Originally from Minneapolis, Lisa moved to the Peninsula in 2000 and joined Harrell that same year. Having previously co-owned an interior design firm with her mother, Lisa says construction and remodeling felt like a natural calling. “What I like the most is space planning and that’s what remodeling is all about: You’re figuring out the puzzle. You’re taking existing space—and whether you’re doing an addition or leaving this window or not moving the toilet, you have to figure out the best way to use that space. For me, remodeling is just the best puzzle.”
ISSUE: I love color—but where should I put it?
SOLUTION: If you’re color courageous, there are many areas where you can apply color! If you aren’t totally committed to color on something that “stays with the house,” like an appliance, artistic backsplash or cabinets, start slowly with wall paint colors, upholstery and accessories. Check your closet for the clothes you feel most comfortable in—those are “your” colors!
Having worked her way up from designer to CEO during her 20 years with the firm, Lisa is encouraged about current housing trends and Harrell’s prospects for the future. “Homeowners are staying in their homes longer,” she says, “so that’s great for remodelers. We do a lot of whole-house remodels but also a fair number of smaller projects—a bathroom or one side of the house or the kitchen-living-family room or a bedroom wing. We are developing our small projects division even more because we want to serve a wide variety of clientele.” Harrell’s motto is, “We never forget it’s your home,” which Lisa says plays to two meanings. “A lot of times people stay in the home when we’re remodeling, so we want to make it a nice place for them to live during construction but we are also designing for them—it’s their home. If you look at our body of work, it doesn’t all look the same and that’s very intentional because we are designing for individuals.”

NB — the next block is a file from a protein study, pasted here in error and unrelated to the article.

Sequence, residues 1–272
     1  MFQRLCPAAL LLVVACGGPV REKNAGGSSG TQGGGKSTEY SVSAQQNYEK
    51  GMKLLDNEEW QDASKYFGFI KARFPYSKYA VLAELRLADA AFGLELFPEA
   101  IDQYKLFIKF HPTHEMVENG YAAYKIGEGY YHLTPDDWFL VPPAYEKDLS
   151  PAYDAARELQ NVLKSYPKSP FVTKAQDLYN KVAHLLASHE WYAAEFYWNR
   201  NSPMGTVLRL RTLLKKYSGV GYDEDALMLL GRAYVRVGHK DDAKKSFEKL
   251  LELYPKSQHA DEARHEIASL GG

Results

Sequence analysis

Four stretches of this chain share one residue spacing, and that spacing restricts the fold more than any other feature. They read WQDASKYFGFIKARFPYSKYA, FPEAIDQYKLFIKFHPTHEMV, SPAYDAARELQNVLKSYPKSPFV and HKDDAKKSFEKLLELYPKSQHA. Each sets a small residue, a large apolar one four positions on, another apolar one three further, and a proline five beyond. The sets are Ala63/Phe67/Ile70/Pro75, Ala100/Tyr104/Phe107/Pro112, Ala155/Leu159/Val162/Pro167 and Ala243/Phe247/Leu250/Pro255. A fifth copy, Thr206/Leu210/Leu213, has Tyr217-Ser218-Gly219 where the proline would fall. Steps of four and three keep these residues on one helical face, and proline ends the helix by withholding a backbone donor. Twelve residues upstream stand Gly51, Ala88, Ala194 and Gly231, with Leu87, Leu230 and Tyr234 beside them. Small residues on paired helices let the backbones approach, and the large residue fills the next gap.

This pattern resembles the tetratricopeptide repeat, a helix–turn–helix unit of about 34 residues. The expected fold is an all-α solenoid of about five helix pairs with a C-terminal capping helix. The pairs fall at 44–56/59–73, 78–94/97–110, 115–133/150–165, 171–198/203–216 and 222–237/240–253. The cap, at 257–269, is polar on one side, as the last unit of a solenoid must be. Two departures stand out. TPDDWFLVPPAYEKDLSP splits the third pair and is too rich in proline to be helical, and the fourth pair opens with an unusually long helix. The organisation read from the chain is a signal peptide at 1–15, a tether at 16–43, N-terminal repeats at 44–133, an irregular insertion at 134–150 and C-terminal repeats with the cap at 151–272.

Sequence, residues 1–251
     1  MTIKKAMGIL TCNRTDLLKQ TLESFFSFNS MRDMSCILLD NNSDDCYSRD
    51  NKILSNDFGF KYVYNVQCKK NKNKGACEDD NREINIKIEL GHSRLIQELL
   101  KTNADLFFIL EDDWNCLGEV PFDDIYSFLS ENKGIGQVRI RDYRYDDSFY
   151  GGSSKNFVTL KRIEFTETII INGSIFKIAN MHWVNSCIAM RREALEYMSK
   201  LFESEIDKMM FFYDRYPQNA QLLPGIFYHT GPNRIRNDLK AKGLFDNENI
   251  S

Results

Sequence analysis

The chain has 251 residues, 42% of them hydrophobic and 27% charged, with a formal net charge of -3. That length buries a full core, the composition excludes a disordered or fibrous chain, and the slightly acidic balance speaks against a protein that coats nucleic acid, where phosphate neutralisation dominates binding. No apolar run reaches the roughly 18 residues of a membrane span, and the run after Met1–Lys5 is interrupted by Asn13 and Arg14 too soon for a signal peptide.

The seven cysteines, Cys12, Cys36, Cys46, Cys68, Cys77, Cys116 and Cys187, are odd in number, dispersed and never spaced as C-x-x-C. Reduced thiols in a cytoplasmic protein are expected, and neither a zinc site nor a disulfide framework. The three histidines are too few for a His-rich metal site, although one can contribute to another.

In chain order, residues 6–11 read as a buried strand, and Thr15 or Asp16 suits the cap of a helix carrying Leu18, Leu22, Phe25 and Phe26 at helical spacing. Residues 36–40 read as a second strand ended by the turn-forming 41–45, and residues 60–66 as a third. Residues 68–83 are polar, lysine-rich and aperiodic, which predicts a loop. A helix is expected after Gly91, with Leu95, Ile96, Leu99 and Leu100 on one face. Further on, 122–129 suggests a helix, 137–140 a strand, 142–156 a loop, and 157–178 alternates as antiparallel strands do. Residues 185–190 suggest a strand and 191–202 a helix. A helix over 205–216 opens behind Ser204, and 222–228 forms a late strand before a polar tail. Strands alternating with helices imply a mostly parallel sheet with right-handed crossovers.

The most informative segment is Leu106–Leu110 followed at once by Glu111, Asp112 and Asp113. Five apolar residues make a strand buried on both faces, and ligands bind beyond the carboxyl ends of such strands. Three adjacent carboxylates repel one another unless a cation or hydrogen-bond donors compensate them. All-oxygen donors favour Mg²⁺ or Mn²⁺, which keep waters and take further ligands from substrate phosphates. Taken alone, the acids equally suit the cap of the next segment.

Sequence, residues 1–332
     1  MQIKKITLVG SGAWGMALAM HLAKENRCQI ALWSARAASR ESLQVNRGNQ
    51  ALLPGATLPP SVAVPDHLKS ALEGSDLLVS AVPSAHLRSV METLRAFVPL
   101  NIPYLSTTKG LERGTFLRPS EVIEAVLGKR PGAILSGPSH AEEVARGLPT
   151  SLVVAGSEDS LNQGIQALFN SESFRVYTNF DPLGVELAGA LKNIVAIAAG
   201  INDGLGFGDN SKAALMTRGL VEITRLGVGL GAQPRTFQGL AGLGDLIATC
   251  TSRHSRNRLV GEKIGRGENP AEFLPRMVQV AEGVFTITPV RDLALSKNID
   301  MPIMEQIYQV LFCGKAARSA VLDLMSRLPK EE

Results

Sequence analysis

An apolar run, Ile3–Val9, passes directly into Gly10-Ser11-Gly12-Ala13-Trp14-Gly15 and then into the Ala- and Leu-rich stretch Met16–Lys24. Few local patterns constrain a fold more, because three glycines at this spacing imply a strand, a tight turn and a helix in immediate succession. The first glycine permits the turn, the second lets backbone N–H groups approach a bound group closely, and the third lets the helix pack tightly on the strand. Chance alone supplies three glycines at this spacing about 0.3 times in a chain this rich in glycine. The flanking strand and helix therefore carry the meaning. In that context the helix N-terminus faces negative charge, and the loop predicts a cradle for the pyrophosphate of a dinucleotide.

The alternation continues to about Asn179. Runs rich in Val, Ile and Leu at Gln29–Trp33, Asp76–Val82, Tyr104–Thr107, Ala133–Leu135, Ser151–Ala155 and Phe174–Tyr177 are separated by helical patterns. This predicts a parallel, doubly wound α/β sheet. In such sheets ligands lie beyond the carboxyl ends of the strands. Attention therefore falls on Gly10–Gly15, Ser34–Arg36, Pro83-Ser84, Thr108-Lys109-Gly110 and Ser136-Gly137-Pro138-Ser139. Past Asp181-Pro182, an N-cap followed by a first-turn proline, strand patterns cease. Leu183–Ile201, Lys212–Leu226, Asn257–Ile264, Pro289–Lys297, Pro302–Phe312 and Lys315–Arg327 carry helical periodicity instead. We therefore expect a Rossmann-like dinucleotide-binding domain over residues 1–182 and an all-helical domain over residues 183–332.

When it comes to nailing down priorities, Lisa cautions that resale shouldn’t be top of mind because you never know what the next owner is going to do. “If you’re planning on staying in the house for a while, you should design it for yourself. There’s ROI, return on your investment, and there’s ROE, return on your enjoyment. Make it nice for you,” she advises. “The classic is that people get ready to sell their house, and they say, ‘I never knew it could look this nice now that we did this and we did that.’ The thought that always pops into Lisa’s head? “Don’t you wish you had done that 10 years ago so you could have enjoyed it?”
BATHROOM: A lot of our clients travel a fair amount and they will send photos from their hotels: ‘I want a bathroom like this!’ They want it to be nice and they want it to be functional. Medicine cabinets are really great these days with illuminated mirrors and integrated lighting. Instead of a typical shower curtain on a rod, we’ll install a ceiling track that is embedded in the ceiling drywall, and the curtain hangs from the ceiling—a super clean look! We are seeing a lot of demand for performance showering; there are a lot of new shower systems with digital control boxes. Whether it’s for kids, visiting parents or aging-in-place, Universal Design ideas include wall-hung toilets, stylish grab bars and curbless or low-curb showers.